Bread Subsidy…Waves of Confusion Sweeping Across Media, Governments

 

AKEED, Ahmad Abu Khalil

When we do our reports for the AKEED Monitor, we usually seek the help of the archive provided by Google, the most famous search engine on the Internet. We write key words in the search field and we get a lot of what is published and what is saved by the memory of the electronic search engine.

You can write words in the search field, such as khubz (bread), al urdun (Jordan), da"am (subsidy), khat ahmar (red line), la masas (will not be touched), qoot al muwatin (citizen"s livelihood), or any other words that are now commonly used in the media, whether it supports or opposes the position of the government. You will find that the question of bread (its price, subsidy, and cost) has been open in the local media in the form of waves for more than 10 years. It is the period in which Google started doing comprehensive documentation. If you search in the archive over the past two decades, you will reach the same conclusion.

The available material is huge and has different content. However, it creates more confusion than clarity. Of course, we do not mean here finding items that adopt a specific position (for or against) toward this disputed issue. Our observation has to do with the absence of the traditional role of the media in delivering information and enabling the receiver to understand the phenomenon to help him to adopt a position. Most published items do not have this aspect, especially if a reader wants to delve into the subject.

A few days ago, a 750-word report published by a local website monitored what it termed government confusion vis-à-vis bread subsidy. The report tracked some of the items that were published over the past few years.  

As a matter of fact, bread subsidy as a major media topic goes back a little more than two decades when the government of Abdul Karim Kabariti (1996) indeed approved lifting bread subsidy. At the time, the media was present as a visible instrument of struggle amid the emergence of the phenomenon of "weeklies"--the weekly newspapers as an expression of what was then termed "independent media." These newspapers turned that issue into major headlines, especially in the wake of the eruption of public protests against the decision to lift subsidy (which raised prices from 8 to 25 piasters per kg). The decision was taken and applied for two years.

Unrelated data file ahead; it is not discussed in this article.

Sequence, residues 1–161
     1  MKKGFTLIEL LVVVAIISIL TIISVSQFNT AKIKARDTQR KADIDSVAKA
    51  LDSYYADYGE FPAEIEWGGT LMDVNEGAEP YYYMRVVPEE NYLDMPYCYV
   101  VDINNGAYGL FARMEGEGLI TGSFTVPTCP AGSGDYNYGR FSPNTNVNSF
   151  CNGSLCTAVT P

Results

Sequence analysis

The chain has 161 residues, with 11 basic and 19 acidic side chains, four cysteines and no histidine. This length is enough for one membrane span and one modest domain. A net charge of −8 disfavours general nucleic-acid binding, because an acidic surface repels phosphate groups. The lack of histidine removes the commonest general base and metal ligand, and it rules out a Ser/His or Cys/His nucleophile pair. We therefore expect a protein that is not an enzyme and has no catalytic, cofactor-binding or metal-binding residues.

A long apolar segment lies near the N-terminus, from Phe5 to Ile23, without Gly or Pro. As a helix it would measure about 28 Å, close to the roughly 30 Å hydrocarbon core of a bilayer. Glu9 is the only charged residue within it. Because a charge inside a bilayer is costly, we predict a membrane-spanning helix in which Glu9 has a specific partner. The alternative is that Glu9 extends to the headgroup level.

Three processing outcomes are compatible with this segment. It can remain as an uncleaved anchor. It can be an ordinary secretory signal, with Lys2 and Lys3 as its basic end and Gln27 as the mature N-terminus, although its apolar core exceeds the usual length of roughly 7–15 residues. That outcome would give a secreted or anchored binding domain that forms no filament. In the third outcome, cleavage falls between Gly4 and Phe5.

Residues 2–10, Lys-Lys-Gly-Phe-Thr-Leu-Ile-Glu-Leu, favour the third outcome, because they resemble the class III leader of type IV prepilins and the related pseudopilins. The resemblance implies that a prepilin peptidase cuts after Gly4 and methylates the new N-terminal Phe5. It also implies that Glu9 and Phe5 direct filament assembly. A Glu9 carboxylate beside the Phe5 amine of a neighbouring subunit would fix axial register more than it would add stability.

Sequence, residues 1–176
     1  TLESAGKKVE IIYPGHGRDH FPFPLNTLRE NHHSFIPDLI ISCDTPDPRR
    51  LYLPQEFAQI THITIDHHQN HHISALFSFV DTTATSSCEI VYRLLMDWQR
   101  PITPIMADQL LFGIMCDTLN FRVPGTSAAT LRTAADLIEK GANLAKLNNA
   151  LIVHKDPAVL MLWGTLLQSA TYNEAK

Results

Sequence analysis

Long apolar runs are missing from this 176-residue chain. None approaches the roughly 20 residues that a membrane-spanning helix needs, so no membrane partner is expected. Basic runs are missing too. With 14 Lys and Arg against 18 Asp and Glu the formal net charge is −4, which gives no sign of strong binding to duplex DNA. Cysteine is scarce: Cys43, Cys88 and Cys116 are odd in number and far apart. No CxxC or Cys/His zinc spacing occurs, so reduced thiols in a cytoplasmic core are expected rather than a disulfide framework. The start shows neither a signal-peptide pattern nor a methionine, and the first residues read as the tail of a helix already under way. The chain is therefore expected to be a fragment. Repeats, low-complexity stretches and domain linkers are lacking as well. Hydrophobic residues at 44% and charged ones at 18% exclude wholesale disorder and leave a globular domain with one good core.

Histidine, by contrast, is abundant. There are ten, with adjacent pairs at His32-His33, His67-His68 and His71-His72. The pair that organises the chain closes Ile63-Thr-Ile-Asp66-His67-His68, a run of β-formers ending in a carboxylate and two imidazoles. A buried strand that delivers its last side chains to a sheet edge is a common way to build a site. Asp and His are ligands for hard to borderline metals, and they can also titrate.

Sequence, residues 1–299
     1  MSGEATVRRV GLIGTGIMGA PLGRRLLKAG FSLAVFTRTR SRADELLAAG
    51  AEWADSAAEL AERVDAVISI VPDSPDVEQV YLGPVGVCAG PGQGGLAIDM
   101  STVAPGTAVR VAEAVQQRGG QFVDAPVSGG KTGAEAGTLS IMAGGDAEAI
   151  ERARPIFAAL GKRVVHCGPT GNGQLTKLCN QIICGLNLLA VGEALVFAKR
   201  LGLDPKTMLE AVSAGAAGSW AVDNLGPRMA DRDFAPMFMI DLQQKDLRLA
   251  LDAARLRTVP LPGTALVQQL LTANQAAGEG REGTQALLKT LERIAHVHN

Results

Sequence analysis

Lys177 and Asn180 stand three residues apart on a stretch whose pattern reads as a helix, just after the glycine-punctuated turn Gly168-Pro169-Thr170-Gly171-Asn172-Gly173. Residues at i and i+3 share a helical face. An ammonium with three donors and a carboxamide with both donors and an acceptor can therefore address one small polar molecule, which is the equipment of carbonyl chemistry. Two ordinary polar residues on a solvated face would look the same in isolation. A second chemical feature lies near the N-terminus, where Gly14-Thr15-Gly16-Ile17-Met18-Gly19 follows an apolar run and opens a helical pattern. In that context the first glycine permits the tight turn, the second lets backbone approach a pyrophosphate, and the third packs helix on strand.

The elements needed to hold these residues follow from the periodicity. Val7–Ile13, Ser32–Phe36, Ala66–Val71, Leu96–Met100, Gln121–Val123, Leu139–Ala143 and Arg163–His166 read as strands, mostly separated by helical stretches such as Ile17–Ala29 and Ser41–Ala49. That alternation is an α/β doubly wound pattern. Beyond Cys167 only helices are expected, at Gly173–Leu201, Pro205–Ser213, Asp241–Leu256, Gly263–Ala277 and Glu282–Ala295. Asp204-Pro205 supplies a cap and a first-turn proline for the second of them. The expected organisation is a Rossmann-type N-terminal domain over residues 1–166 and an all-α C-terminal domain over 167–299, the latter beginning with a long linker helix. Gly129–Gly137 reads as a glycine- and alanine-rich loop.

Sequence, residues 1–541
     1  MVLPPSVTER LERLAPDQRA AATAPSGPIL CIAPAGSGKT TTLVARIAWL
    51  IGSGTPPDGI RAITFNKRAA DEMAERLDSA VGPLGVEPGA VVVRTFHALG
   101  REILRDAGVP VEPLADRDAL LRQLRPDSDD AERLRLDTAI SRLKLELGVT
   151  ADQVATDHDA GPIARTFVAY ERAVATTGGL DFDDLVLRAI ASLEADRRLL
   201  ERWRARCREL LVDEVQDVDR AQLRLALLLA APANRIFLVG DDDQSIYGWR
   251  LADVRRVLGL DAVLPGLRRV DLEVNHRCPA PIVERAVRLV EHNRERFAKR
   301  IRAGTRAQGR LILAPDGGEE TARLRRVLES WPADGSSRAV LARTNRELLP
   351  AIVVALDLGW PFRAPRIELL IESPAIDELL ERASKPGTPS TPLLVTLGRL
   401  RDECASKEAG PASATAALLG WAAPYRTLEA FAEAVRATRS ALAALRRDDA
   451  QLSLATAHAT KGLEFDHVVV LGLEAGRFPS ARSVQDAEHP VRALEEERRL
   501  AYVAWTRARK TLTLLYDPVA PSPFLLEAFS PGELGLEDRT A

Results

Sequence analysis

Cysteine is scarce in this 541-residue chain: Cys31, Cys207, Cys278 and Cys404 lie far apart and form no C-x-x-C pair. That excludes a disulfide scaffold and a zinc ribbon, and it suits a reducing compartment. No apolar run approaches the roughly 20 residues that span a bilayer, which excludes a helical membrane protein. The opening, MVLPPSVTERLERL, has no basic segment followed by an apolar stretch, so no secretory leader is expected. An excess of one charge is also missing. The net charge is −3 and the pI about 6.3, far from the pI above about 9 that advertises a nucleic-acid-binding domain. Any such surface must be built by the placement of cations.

A decision by the government of Abdul Salam Majali (1998), which followed Kabariti"s government, reinstated bread subsidy. Consequently, the price dropped to 16 piasters per kg. Some press reports still say that this decision was "puzzling."

Afterward, the issue has reemerged in waves, most prominently in 2008, which coincided with what was then known as the global food crisis. However, what the government did then was only to change the mechanisms of distribution and pricing of subsidized flour. The subject came up again strongly in 2011 and then in 2013 and 2015. Other headlines, containing some new words, started to appear in the media. These include the following: Who Benefits From Subsidy? How Do We Direct Subsidy to Those Who Deserve It? How Can Waste and Smuggling Stop?

In all the waves, the media has presented confusing material. It depicted the decisions to maintain subsidy as reflecting concern about the livelihood of citizens, having earlier portrayed them as economic distortions.

The expression "bread is a red line," uttered by many officials, caught on and was published in numerous press items. At a later time, other items were published, mocking, denying, and making fun of the notion of a red line.

The media has repeatedly hailed statements by officials, in which they said that the price of bread would not be touched. In early October 2017, the media published a statement by Prime Minister Hani Mulki headlined: "Bread Prices Not To Be Touched."

However, in recent days, there have been more reports defending developments in the official position. Some major media outlets made an effort, using different press formats, including "infographic" as the latest method of explanation by graphs. News websites took part in the campaign by providing details in figures, percentages, and statistics that justify and defend the anticipated decision to lift subsidy.

For the purposes of preparing this report, we could not find recently published material that is sufficiently detailed to understand this question. However, at least one website republished a feature that was published by Al Dustour newspaper at the end of last year. It contained some details on the so-called trio benefiting from subsidy. The website did well to mention the actual date of original publishing and its source.  

Several years ago, a news website published an item, providing a detailed opinion by a former official in the sector of flour industry. Other websites republished this item, depicting it as new, under sensational headlines "How Does Government Make Millions Out of Subsidized Bread? Shocking Figures!" The item included criticism and refutation of the official position and figures.

In the ongoing debate, we have located an item, which is perhaps the most comprehensive and most accurate. It is a relatively long study (3500 words) by a Spanish researcher who is specialized in subsidy issues. It is headlined "Shedding Light on Policies of Bread Subsidy in Jordan." Al Ghad newspaper translated it in June 2014. The study provides details that were not published locally.

 

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